With protesters in the street of most American cities last month calling for racial justice, VC firms rushed to announce that they were doing more to invest in Black founders. As this TechCrunch article details, these pledges of support came from across the industry, with prominent firms such as Andreessen Horowitz and SoftBank announcing new funds specifically targeted at underrepresented founders.
Now that the news has mainly moved away from the protests, how are investors doing at keeping their commitments? It's too early to say definitively, but if you're looking for anecdotal evidence, a recent piece in Medium from founder Nerissa Zhang is a doozy. And not in a good way.
Same pitch deck, different email address
In it, Zhang, a Black woman married to an Asian ex-Google engineer, details what happened when she saw this outpouring of interest in Black founders and reached out for support. An experienced engineer and the founder of two successful gyms, Zhang also developed a fitness app along with her husband and was looking for investment to grow the business.
The first challenge was actually finding the contact details of the investors who claimed to be interested in supporting Black founders. With no public email addresses available for many, Zhang and her husband resorted to using his network to track down their details, an avenue not open to many founders from under-represented communities, Zhang notes. She then shot off a professional, polished pitch deck to a number of VCs, only to hear crickets in response.
Maybe her app just wasn't a good match for these firms, you might think. That's entirely possible, but wait until you hear what happened when she sent off the exact same message and deck but instead used her husband's email:
Curiously, when I used my husband's email to send our pitch, that's when I started getting some responses. Do VCs only read pitches submitted by men? Do they prefer to hear from someone who is Asian rather than Black? I had the same experience four years ago in 2016 when I was raising funding for my previous startup. I got no responses until I started using the email of my co-founder Noah, who is Asian.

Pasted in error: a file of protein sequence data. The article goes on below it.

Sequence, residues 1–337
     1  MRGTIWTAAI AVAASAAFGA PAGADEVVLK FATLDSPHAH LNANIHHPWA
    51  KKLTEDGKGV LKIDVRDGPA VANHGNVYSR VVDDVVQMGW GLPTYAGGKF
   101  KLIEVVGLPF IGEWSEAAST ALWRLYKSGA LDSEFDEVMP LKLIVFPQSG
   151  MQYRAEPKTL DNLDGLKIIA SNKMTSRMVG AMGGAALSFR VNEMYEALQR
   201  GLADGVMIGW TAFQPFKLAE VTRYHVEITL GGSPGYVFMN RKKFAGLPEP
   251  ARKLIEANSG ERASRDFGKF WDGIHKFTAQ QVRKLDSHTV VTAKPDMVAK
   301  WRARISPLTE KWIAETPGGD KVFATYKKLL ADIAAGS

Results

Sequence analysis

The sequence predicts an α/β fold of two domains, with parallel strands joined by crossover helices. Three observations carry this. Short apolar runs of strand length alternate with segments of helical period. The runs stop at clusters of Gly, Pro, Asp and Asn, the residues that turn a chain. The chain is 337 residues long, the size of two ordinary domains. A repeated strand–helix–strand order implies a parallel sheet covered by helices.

This is just one story, of course (though it's a worrying, thoughtfully written one you should check out in full), but there is plenty of harder evidence that, despite VC's public proclamations of support for diverse founders, the industry is missing out on the vast potential of Black entrepreneurs.
According to the last available numbers, startups with a Black founder receive less than one percent of VC dollars. And a Black woman raising substantial funds for a company is so rare it merits celebratory headlines. All this despite years of attention to the huge disparities in who gets investment dollars.
Black VCs raise an eyebrow of skepticism
Which might be why several Black VCs have expressed skepticism for the newfound enthusiasm for investing in founders of color among their peers. "If people really want to invest in us, they would have picked up the phone and invested in one of us. We don't need another PR stunt," Melissa Bradley of 1863 Ventures told the Times of Entrepreneurship.
"Investors have been reaching out to me left and right asking what they can do. It's not complicated: Invest in Black founders. You don't have to invest in ALL Black founders. You can keep your thesis, and yes, even your so-called 'standards,' and find multiple Black founders to invest in," Backstage Capital's Arlan Hamilton messaged TechCrunch. "If you need help, I have 130 portfolio companies + I can introduce you to a curated list of a dozen Black investors to hire. My email address is ARLAN@BackstageCapital.com. No more excuses."
Time will tell if the recent noise about racial justice among VCs will translate into measurable, meaningful change. But Zhang's post is a helpful reminder that actions often do not match words, and continued attention to how VCs are doing is necessary to keep them to their word to support more Black founders.